Tag Archives: Bird Studies at Old Cape May

Witmer and the Winging Waterthrush

As I discussed in The Fascination of Nature, Witmer Stone and the Audubon Society wardens, although clearly aware of the phenomenon, apparently didn’t spend much time studying the neotropical migrant flights through Cape May Point. That’s not the case today, when the Cape May Bird Observatory monitors  the flights every day from mid-August to the end of October from atop the bayside dike in the Higbee’s Beach Wildlife Management Area. Stone would doubtless be “astonished” at the skills of today’s observers, and the numbers of migrants they count (although the flights were certainly larger in Stone’s day, if he’d been paying more attention to them).

Tom Johnson is one of the outstanding young birders who monitors today’s flights; his ability to differentiate the similar-sounding, buzzy call notes and the subtle field marks of the migrants zipping past (most of the birds are identified in flight), and to also take field-guide quality photos of them, leaves visitors shaking their heads. Tom recently mentioned to me that he was impressed by Stone’s Bird Studies at Old Cape May description of Northern Waterthrush flight behavior: “The Northern Waterthrush can be readily identified when flying in the open. Not only is it darker and apparently blacker than any other small bird seen against the sky or the meadows, but its flight is characteristic. The body is long and slender and the long swoops between the series of short wingbeats produce a diving, somewhat undulatory movement, but more irregular and less pronounced than that of the Goldfinch.”

Tom thinks it’s remarkable that while today’s dike counts, and the counters’ ever-increasing knowledge of flight calls and on-the-wing field marks, are considered cutting edge research, Witmer Stone had started in on such observations 80 years ago. It makes you think that if we could bring Stone back and put him up on the Higbee’s dike some fall morning with westerly winds blowing, hand him a pair of modern optics, get him a little coaching from Tom et al., old Witmer would soon be getting the hang of identifying the whizzing wood warblers. Thanks to Tom for his insights, and for sending along two of his typically outstanding photos of Northern Waterthrushes in flight taken from the Higbee’s dike:

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Summating Sea Ducks Over the Endless Stretch of Tossing Waves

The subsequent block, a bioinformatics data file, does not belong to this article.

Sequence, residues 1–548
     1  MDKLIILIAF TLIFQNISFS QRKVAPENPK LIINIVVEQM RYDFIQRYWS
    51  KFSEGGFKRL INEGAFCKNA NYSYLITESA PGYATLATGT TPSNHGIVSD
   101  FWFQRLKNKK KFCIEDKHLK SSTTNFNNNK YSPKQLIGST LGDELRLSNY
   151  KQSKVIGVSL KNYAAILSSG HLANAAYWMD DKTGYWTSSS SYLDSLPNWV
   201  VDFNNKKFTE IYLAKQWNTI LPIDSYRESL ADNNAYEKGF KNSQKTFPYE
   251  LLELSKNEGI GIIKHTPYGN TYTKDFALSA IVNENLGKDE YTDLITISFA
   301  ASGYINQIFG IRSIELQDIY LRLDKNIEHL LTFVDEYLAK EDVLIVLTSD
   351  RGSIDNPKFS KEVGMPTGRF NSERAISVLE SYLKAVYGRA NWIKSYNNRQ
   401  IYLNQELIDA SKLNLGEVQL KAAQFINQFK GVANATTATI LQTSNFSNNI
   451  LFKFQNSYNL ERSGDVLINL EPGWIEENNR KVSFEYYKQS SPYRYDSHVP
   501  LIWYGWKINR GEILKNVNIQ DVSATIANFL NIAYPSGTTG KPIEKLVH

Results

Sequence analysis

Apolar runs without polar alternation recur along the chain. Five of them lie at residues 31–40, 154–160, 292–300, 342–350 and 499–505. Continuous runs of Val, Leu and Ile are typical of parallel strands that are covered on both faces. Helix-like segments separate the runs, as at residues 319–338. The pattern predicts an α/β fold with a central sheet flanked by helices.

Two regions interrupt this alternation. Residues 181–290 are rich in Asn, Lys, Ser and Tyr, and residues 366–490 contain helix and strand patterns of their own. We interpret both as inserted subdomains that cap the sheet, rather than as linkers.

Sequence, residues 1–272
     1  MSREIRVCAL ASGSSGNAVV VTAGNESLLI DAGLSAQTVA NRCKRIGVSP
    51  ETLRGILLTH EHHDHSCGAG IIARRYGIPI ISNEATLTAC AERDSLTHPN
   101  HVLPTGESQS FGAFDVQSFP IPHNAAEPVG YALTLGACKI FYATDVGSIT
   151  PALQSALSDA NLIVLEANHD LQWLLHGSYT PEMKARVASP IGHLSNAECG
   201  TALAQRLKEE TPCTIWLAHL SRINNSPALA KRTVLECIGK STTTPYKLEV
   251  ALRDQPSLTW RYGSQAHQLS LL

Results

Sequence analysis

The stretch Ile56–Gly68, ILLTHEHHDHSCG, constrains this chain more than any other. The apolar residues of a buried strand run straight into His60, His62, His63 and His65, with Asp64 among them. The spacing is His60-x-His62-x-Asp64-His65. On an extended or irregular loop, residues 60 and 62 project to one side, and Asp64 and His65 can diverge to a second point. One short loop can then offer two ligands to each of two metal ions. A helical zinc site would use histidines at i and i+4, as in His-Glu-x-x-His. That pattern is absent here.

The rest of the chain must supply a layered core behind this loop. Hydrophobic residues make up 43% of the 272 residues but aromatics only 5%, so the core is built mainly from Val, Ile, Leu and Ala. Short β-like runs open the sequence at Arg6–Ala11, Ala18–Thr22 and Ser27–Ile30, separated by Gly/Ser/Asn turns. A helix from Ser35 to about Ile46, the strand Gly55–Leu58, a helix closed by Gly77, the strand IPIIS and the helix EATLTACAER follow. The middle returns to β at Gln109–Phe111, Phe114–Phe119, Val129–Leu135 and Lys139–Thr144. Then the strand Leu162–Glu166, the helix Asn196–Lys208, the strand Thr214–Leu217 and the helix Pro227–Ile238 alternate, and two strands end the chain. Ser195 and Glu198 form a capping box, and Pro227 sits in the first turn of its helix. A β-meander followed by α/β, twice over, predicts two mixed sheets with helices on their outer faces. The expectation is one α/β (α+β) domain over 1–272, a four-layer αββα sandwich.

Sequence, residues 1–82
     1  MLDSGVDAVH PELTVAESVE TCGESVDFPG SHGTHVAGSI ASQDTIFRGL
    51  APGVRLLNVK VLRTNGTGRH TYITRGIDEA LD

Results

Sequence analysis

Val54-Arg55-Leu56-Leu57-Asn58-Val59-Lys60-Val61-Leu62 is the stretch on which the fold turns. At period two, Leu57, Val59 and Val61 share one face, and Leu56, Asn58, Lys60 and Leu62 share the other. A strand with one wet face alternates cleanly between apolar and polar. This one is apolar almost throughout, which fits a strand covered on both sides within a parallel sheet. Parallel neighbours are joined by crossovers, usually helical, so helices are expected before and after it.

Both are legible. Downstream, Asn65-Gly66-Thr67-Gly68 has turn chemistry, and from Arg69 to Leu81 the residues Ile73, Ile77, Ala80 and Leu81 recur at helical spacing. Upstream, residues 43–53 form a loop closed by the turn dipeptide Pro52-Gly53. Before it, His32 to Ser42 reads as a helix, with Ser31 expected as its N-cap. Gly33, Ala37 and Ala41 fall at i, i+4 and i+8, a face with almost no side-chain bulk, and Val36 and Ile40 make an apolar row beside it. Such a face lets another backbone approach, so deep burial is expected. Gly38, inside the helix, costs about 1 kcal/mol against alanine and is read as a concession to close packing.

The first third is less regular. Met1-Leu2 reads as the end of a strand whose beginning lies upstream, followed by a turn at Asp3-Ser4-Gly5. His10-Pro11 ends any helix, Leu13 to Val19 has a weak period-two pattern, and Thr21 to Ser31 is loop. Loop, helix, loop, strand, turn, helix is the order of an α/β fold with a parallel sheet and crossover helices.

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Clay Sutton (L) and Tom Reed (R) in front of the “Shack Mahal”; Steve and Cindy Brady inside.

I have visited the New Jersey Audubon Society’s (NJAS) Avalon Seawatch on several days this fall, and I’ve often thought that if we could bring Witmer Stone back and take him to the site, he’d be amazed at the number and variety of birds being counted there each year (as well as the modern optics that bring the typically distant sea birds into close enough view for identification – a far cry from Stone’s “opera glasses”). His musing in Bird Studies at Old Cape May (BSOCM) on what I term the “anticipatory buzz” still resonates with “seabird-lovers” today:

“As one gazes out from shore over the endless stretch of tossing waves, it seems as if there must always be a chance of sighting something unusual, so great is the waste of waters, with apparently no barriers to hinder visitors from remote seas. And so it is that a view that may seem commonplace to one who sees it day after day is always fraught with possibilities to the bird-lover, and I never gaze upon the ocean without the feeling of expectancy. When one does catch a glimpse of a passing gull far out to sea, or a bunch of ducks or a flock of shore birds passing down the coast beyond the surf, the time that they are in sight is so very brief that we realize that had we been a moment later we should have missed them, and we cannot but consider how many, many sea birds the casual observer actually does miss, and what a small period his observations cover.”